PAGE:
Six patients developed Gram-negative, while 2 had Gram-positive bacteremia, 1 had probable lung aspergillosis and, 4 developed febrile neutropenia without identifiable microbiological grow during the neutropenic phase. Cytomegalovirus reactivation occurred in 5 patients. Eight patients (75%) had acute GVHD skin of grade I - II treated well with topical steroids. However, One TM class III patient had grade II chronic GVHD skin, but responded to systemic steroids within one week followed by gradual tapering. Another TM class III patient had severe acute stage III GVHD in the skin, gut and liver (stage III-IV) initially stabilized with maximum immunosuppression but later progressed to severe chronic GVHD of skin and liver. She also developed steroid-induced diabetes mellitus, and avascular bone necrosis at multiple sites (bilateral humeral heads, knees, and ankles), tacrolimus neurotoxicity, and interstitial pneumonia. Secondary graft failure occurred and marrow aplasia developed, and the patient died from respiratory failure on day 264-post transplantation.

Overall and disease-free survival: Total of 11 patients are alive at last follow-up with a median follow up of 24 months, ranging between 11 months and 40 months [1]. They are all free of disease with normal quality of life.


In this study, we have described the most recent transplantation experience in Kuwait in children with hematological disorders, who were treated with HLA-matched sibling BMT [1]. It generates new back ground information about transplantation risk, which would assist in optimizing outcomes and selecting suitable candidates for transplantation [1]. The results of TM patients must be interpreted in the light of recent advances in iron chelation therapy, and supportive therapy, which have reduced the morbidity and mortality risks in those who do not processed for transplantation [1-7]. Our results confirm that HLA-matched sibling BMT for TM is a suitable therapeutic option to consider, as we also observed the tolerability of transplantation in children with reasonable good-risk features [1,8,9]. These observations highlight the importance of carefully selecting good-risk patients for transplantation, as well as the modifications in the transplantation regimen that might improve the safety of the procedure [1,10-12]. It appears that much of the toxicity of transplantation observed in this study might be related to impaired hepatic function and a propensity for developing interstitial pneumonitis, particularly in the class III TM patients [1]. Studies in children with hematologic malignancies have demonstrated the utility of busulfan pharmacokinetics in predicting the risk of toxicity and have generally endorsed the adoption of targeted busulfan dosing [1,13,14]. Moreover, a recent clinical study defined the important contribution by cyclophosphamide and its metabolites to the toxicity of busulfan, suggesting that the administration of busulfan before cyclophosphamide alters cyclophosphamide pharmacokinetics and therefore it might also exacerbate the risk of VOD in patients with underlying hepatic injury [1,15]. To avoid these risks, investigative teams in Italy have reduced the dosing of cyclophosphamide in high-risk patients [1,3,12]. Intravenous busulfan, in lieu of oral busulfan also appears to improve the safety profile of busulfan as does the practice of therapeutic drug monitoring [1,16]. Several patient- and disease-related factors may influence outcome of transplantations for aplastic anemia, including recipient age, disease severity, numbers of pre transplantation transfusions, and donor-recipient sex-match [9,12]. Major problems post transplantations are graft failure, GVHD, and infection [9]. Graft failure can occur in 5% to 30% of patients [9]. Combined methotrexate (MTX) and cyclosporine (CSA) is now the widely used regimen [9]. Myelodysplastic syndrome (MDS) [17] is a rare condition in childhood and often progresses to AML. Hematopoietic stem cell transplantation (HSCT) following myeloablative therapy is currently the only curative option in childhood MDS. The 3-year disease-free survival rate is around 50% in most series [18]. HSCT has been successfully performed in other congenital anemias with dyserythropoiesis [10,18]. Using busulfan and cyclophosphamide for conditioning [1,10]. Others have reported similar successful cases [10,18]. More recently, Iolascon et al. [19] reported successful stem cell transplantation in one case of severe, type II congenital dyserythropoietic anemia [10,18].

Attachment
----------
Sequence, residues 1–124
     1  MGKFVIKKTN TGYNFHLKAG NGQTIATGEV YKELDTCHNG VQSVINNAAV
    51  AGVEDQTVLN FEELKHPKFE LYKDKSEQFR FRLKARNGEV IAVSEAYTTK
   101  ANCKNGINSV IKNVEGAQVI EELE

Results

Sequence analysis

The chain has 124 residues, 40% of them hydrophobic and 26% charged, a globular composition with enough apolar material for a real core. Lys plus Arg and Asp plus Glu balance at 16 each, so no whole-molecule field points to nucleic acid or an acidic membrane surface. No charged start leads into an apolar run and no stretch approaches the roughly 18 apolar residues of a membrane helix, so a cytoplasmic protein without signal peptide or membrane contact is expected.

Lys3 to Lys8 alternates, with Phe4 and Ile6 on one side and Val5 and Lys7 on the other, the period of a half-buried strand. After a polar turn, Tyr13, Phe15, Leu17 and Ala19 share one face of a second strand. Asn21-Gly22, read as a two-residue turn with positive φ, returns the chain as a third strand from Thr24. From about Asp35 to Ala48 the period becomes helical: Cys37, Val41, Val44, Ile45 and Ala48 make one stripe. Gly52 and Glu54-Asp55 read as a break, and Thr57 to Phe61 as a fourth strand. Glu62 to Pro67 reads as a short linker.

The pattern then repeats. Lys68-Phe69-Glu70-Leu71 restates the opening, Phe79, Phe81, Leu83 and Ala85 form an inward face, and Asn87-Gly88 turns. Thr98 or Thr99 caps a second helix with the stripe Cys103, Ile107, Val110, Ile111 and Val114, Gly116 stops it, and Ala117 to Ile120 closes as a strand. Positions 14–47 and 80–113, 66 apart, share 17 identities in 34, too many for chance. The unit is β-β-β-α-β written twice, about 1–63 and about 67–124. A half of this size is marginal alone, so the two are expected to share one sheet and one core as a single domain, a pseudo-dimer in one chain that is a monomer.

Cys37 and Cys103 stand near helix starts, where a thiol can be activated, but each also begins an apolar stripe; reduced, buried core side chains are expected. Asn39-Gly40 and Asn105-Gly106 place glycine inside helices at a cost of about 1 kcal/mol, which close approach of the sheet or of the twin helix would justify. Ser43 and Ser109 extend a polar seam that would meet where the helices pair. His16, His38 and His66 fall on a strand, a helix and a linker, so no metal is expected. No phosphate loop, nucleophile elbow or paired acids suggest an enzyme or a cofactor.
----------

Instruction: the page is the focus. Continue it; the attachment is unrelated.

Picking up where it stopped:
In conclusion, the results of allogeneic SCT in the few patients in this report are gratifying and encouraging. The results also demonstrate the feasibility and relative safety of the procedure in Kuwait. Larger case series will be reported in the future.